Lectionary 167 , Gospel: John 6:51-58
Moses opens the scripture readings on this feast of Corpus Christi, commanding the Israelites: “Remember…do not forget” the providence of the Lord God during the many years of the desert wanderings of the people. The act of remembering is essential to our faith and to the liturgy that marks the place of faith in our lives and draws us further into it.
The gospel sequence (an ancient hymn which precedes the gospel on this and other festive occasions) urges us to remember as well, with lyrics that play on the theme of old and new, promise and fulfillment, as the Eucharist is beautifully described: “Truth the ancient types fulfilling…”. In fact, in the midst of every celebration of the mass we consciously pause to remember the truth of what God has done for us in Christ as together we proclaim the memorial acclamation. This is our way of obeying Moses’ precept and recalling God’s providence today just as the Israelites did centuries ago.
By contrast with all of this, we often try to forget things that we do not want to confront; this is understandable and very human, yet it can be dangerous for us. It is better to remember honestly the difficulties and demons that face us than to let them slip into oblivion, where they keep working on us while we are blissfully unaware. Such forgetfulness pulls us away from genuine recognition of our problems and keeps us from finding healing and redemption.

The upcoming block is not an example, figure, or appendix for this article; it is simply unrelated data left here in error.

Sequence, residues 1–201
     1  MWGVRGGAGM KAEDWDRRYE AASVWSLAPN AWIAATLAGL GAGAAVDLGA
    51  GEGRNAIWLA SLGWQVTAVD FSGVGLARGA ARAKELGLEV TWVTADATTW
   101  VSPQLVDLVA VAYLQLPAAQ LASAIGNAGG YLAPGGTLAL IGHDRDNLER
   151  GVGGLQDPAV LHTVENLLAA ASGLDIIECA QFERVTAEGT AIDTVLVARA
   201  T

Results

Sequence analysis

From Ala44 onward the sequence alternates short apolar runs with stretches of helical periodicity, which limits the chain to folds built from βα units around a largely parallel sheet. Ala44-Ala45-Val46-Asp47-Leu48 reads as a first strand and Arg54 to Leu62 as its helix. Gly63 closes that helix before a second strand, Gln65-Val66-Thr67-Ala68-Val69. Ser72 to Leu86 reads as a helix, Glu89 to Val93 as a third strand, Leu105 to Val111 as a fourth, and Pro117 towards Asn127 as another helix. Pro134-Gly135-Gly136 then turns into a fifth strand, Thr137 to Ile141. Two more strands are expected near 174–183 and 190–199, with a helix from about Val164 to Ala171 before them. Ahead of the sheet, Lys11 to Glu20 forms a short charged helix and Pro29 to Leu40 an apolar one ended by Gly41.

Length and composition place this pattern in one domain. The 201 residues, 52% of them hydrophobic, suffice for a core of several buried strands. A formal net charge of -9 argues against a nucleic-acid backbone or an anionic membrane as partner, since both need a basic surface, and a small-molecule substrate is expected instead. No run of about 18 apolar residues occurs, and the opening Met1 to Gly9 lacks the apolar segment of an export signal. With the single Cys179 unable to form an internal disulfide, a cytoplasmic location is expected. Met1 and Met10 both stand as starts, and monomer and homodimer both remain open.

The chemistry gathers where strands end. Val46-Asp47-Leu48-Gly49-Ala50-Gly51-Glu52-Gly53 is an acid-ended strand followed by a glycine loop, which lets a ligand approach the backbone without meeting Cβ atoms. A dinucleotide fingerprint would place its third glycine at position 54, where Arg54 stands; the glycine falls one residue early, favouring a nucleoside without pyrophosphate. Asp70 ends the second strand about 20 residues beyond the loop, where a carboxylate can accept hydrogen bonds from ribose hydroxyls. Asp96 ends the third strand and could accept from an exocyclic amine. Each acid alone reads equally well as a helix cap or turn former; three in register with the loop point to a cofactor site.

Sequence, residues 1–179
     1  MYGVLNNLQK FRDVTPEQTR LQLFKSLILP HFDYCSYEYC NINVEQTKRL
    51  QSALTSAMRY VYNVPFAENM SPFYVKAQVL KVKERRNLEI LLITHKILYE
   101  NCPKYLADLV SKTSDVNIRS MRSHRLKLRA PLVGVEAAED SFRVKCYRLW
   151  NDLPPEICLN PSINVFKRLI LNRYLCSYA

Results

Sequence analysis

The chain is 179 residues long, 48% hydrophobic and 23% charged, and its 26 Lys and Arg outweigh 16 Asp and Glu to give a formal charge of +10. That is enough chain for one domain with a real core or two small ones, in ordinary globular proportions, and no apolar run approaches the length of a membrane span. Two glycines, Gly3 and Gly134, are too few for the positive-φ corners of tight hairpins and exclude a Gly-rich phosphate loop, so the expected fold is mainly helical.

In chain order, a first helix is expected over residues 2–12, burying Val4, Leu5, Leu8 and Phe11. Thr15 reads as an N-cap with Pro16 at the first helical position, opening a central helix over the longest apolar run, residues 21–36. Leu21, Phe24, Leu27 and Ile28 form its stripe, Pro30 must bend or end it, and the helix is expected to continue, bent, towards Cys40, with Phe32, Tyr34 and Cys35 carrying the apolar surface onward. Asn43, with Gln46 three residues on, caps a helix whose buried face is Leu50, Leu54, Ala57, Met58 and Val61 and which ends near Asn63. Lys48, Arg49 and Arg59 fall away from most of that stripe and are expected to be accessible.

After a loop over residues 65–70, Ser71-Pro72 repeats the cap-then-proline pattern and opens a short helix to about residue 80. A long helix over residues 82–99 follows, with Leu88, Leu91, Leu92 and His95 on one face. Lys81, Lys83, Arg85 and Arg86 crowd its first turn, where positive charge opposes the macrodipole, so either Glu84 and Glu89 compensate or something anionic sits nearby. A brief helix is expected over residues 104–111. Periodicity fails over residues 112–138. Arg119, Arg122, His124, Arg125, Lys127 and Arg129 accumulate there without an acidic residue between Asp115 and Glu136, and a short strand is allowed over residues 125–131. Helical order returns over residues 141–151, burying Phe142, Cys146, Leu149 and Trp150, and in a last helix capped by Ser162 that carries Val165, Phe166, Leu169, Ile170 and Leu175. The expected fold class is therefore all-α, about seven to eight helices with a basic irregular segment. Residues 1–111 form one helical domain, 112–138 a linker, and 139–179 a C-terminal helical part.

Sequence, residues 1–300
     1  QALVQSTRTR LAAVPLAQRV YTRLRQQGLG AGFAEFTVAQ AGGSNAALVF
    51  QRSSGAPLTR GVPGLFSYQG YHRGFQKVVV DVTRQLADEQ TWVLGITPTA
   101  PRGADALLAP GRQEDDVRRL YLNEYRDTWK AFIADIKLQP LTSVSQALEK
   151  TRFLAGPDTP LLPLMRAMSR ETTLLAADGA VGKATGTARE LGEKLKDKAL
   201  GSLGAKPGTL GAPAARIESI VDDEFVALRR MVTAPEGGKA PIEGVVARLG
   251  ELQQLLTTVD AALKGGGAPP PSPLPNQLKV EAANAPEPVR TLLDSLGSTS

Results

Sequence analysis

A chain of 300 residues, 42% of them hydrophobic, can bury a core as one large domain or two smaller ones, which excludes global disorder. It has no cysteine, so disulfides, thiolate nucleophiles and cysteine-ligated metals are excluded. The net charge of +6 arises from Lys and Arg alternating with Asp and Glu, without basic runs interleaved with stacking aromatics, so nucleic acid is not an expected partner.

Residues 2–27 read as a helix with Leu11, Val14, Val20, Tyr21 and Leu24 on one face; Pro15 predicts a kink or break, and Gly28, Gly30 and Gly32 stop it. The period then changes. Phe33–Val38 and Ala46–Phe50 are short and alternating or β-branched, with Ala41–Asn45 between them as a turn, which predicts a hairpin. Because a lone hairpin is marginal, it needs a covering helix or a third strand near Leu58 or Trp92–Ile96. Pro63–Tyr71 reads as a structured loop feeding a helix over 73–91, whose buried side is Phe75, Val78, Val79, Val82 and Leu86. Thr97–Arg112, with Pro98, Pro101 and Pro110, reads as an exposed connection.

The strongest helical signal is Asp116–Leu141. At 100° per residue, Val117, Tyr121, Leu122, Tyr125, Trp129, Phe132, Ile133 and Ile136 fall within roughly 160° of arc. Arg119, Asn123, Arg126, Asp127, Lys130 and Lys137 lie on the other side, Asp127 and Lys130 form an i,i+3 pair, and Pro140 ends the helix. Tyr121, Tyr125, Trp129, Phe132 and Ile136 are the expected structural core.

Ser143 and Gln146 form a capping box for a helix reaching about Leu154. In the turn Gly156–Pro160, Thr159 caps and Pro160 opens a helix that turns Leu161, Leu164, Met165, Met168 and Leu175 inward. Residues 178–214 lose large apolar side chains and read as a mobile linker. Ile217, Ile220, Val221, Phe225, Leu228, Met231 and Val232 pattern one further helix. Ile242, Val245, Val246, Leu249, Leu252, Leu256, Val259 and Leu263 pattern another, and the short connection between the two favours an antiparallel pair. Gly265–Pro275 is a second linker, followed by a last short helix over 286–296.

So powerful was God’s desire that we not forget what he has done for us in Christ, and that we partake of the goodness of Christ’s salvation continually, that we have been given the Eucharist as an everlasting memorial. We celebrate the Eucharistic presence of our Lord in a special way on today’s feast of the Body and Blood of Christ, commonly called Corpus Christi. Historically many parishes held Corpus Christi processions on this day, carrying the Blessed Sacrament in a procession with great solemnity around the interior of the parish church or even through the streets near the church.
Such ritual actions help us to remember the immense value of the Eucharist and its place at the center of our faith. Just as the Israelites were tempted to forget how God had so graciously provided manna for them in the desert, so too we are tempted at times through simple neglect or distraction to forget what God has done for us. The powerful actions that commemorate the Eucharist sacramentally on Corpus Christi and at each mass are supported by the equally powerful words of our Lord in today’s Gospel reading. There he causes division among his disciples by telling them: “Whoever eats my flesh and drinks my blood remains in me and I in him. Just as the living Father sent me and I have life because of the Father, so also the one who feeds on me will have life because of me” (John 6:56-57).
Every time we partake of the Eucharist we not only remember what God has done for us in Christ, we also enter into the very reality of which our Lord speaks. By sharing in the Body and Blood of Christ—Corpus Christi—we affirm our desire to share in Jesus’ life and resurrection as surely as we share in his passion and death. Though this belief and commitment cause division in our time as in Jesus’ own day, by remembering his abiding presence with us in the Eucharist may we find the courage to stand firm in our faith, rejoicing in the goodness the Lord has worked for us and treasuring the Eucharist as the sign and seal of his life within us.
Father Edward Mazich, O.S.B.
Image: Master of James IV of Scotland (Flemish, before 1465 – about 1541) , The Holy Trinity Enthroned.